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vpjr

PT6-20 Cessna U206

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Ahh, kodiak woulda been a good idea. I started with porters, but they are too boxy. So I went with the caravan (that one isn't using its PT6 anymore!) since I have so many pics of it. But the exhaust is actually from an Epic. Well, a microsoft flight simulator model of an Epic. Didn't even notice I wasn't working with a real photograph until after i was done. :)
Dave

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If or when this goes fwd it would use a King Air 90 cowl. I like how Cessna put the air intake and oil cooler scoops on the side to reduce FOD and having the exhaust exit one side reduces the exhaust in the open door problem. Just found 2 -20s with 0 since hot for $110,000 for the pair. An IO-550N conversion for the F model 206 is $63,000

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If or when this goes fwd it would use a King Air 90 cowl. I like how Cessna put the air intake and oil cooler scoops on the side to reduce FOD and having the exhaust exit one side reduces the exhaust in the open door problem. Just found 2 -20s with 0 since hot for $110,000 for the pair. An IO-550N conversion for the F model 206 is $63,000



I'm confused... at first blush, I'd agree that a King Air cowl would give a cooler looking nose and with the underslung air-intake, gives potential for a cool shark's teeth paint job, but I'm pretty sure King Airs still exhast both sides, not just one side?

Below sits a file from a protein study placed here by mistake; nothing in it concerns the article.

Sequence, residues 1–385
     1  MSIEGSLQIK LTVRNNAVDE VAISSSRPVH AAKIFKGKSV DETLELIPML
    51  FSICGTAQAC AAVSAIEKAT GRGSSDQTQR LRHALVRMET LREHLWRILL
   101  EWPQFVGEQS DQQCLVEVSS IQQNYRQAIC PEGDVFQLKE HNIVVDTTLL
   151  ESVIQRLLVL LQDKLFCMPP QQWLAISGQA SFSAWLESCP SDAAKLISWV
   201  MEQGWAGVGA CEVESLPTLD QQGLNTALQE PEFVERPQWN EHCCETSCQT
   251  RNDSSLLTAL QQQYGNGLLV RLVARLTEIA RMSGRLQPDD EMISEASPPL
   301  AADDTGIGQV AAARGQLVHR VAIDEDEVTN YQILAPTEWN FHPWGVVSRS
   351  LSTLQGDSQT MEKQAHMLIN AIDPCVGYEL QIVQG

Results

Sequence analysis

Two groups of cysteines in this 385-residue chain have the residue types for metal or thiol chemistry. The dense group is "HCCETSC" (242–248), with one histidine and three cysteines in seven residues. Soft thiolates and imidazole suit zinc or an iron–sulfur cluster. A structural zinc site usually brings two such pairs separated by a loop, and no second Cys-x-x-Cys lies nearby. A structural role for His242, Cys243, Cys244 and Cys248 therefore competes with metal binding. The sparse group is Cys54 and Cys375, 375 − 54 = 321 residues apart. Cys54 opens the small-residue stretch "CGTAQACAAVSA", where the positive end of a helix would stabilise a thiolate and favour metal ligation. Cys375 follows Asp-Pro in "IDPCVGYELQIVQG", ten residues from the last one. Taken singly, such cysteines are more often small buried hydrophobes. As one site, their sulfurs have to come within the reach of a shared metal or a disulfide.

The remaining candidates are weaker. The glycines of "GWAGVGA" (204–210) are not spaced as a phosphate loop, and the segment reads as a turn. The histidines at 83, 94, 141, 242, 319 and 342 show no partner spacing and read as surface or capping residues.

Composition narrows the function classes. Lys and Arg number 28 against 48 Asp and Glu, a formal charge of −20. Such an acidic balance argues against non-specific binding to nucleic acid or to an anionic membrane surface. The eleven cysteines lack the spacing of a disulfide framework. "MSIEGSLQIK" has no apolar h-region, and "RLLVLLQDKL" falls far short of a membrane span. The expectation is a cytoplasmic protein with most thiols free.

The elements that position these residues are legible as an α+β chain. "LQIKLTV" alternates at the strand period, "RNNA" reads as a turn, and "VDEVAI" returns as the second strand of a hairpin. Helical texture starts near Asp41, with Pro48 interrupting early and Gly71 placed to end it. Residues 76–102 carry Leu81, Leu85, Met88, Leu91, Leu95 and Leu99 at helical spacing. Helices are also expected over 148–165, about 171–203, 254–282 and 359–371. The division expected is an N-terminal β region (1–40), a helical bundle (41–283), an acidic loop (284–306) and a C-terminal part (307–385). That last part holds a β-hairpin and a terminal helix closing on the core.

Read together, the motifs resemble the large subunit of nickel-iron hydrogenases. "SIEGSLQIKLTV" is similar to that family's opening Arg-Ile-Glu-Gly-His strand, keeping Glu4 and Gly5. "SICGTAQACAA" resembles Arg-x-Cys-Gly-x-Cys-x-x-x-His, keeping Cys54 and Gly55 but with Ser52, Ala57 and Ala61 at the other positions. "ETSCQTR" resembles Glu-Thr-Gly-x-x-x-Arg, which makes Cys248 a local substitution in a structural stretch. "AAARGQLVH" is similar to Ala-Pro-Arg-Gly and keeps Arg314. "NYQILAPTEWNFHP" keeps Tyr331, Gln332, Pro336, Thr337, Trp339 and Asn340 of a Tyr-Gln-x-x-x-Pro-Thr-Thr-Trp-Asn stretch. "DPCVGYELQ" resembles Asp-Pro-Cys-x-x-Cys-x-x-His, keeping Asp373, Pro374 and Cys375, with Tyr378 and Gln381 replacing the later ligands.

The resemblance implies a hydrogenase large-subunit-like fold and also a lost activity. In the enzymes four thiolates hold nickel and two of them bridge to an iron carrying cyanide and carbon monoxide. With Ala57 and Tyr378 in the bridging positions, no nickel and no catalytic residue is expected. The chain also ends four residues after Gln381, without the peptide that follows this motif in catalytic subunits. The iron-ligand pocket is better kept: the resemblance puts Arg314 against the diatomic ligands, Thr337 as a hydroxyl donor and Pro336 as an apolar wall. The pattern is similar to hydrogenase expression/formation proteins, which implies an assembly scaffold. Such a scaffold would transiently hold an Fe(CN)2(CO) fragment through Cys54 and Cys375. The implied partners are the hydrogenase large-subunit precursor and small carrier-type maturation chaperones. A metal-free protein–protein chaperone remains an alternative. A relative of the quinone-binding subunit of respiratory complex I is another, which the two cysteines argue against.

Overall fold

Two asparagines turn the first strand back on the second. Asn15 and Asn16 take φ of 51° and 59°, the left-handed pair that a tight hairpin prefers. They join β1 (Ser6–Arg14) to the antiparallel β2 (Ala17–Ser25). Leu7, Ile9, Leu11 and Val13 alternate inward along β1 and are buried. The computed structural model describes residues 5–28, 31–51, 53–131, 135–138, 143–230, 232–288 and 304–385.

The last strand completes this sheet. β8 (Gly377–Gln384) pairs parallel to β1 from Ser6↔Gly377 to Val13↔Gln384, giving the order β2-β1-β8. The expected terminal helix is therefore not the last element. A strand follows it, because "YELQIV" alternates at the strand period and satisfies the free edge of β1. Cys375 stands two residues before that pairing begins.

Also, don't most 206 turbine converstions plumb the exhasut stacks down and out the bottom... sorta-kinda where the cowl flaps are (were)? At least that's what I thinnk I've seen in pictures.

Not that I go looking for them or anything, but I think I've only ever seen one turbine converstion 206/207 ever in the States. They seem to be more of an oddity here then in Europe. What am I missing?

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I would prefer the Caravan style intake and exhaust system. Just the -20 has the exhaust on each side and the King air style cowl provides visibility and location for the air and oil cooler intake. the Soloy has a diffent location for the exhaust. Now the 207 has an extension fwd of the original firewall so Soloy had to create this huge aluminum structure to hold the engine. The engineering would be cost prohibitive. the Soloy mark II looks even better just what is the cost.

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Your photo is of a Soloy conversion, which uses an Allison/Rolls Royce engine that vents exhaust out the bottom.

Sorry, but only a couple of versions of PT6A route all waste gases out a single exhaust, they are installed on Cessna Caravans and Twin Hueys.
That is the primary limitation to installing more powerful turbine engines in Caravans: the exhaust stack configuration.

Note that Kodiak uses - the more common - double exhaust stack configuration and JSPTC jump-masters complained about excessive fumes in the cabin their first season. Last thing I heard JSPTC were working with Kodiak engineers to improve cabin ventilation.

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The conversion process is still going forward. The holidays took some of the time but now the engine is off and the controls and instruments are removed. It will have a LCD engine instrument panel from Electronics International http://www.buy-ei.com/Pages/MVPT/MVP-50T_Overview.html . I am posting pictures of the project on http://picasaweb.google.com/VanPrayJr/DropBox# for those who want to follow the progress. Also see the blog and sign up for the news letter at www.aerialtransport.com Rhinoplasty!!